The September 20 Marriott Hotel bombing, called Pakistan's 9/11, was a turning point, which brought home the deadly reality of indigenous jehadi terrorism. It was the 11th suicide bombing this year, which raised the death-toll in such attacks to over 300. Last year, 3,599 people perished in terrorism-related violence, two-and-a-half times the number in 2006.

Meanwhile, insurgencies are flourishing in the North-West Frontier Province, the tribal areas along the Afghan border and in Baluchistan, and separatism is growing in Sindh. The horrible prospect of Pakistan falling apart under their impact and becoming "a nuclearised Yugoslavia in the making" can no longer be dismissed as an alarmist fantasy.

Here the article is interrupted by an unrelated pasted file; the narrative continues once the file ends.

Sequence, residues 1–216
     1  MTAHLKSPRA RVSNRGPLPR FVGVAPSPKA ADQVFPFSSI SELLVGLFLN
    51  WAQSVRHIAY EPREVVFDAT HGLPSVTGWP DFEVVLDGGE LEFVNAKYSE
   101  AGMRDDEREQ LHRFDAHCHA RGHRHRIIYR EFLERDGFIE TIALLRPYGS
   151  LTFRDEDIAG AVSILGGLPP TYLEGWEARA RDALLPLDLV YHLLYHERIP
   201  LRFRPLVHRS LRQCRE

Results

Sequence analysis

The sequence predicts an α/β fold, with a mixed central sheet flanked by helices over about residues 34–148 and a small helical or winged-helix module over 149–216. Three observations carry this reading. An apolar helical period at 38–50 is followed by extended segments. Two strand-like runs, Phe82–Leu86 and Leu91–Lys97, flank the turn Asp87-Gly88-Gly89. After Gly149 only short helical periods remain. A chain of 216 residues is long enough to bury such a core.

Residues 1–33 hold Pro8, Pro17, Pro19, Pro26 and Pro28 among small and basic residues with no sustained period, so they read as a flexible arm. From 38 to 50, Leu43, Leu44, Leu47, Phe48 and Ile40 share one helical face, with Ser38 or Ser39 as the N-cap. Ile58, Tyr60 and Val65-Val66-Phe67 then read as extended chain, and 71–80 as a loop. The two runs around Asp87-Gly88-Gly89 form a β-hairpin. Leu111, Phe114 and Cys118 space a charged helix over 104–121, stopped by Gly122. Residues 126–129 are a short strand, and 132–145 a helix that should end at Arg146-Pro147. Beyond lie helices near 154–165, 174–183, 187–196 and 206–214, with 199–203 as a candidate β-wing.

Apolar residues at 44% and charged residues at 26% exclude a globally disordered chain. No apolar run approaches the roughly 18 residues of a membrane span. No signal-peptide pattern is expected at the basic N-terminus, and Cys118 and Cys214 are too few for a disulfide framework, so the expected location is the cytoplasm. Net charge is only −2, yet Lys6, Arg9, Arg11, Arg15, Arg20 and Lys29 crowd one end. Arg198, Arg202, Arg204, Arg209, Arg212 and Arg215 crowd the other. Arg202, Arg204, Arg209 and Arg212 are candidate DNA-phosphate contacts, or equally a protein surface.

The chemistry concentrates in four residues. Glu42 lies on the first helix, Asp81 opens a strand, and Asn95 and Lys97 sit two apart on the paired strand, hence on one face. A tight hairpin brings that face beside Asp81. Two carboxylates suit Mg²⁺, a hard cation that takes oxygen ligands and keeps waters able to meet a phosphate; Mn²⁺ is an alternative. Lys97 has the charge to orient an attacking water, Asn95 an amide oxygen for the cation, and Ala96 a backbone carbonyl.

The US bears a huge responsibility for the crisis—not least because it has conducted the war in Afghanistan primarily as a hunt for al-Qaeda, not as an operation to stabilise and reconstruct that devastated country by building viable institutions. The US myopically backed Gen Musharraf till the very end, and imposed bad political deals upon Pakistan, thus undermining its organic democratisation led by civil society mobilisation.

India can help Pakistan generously in its hour of crisis -- if it builds a relationship with it independent of the US. India must thin out troops in the Kashmir Valley, offer Pakistan security cooperation and joint projects in Afghanistan -- thus decisively defusing the Cold War-style mutual rivalry in that country, and supply petroleum products and other scarce materials.

Above all, India should unilaterally allow duty-free imports of all goods from Pakistan. The Indian economy can easily bear this. The extent of goodwill that such moves will create cannot be exaggerated, nor the political gains from a stable, secure Pakistan.

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Praful Bidwai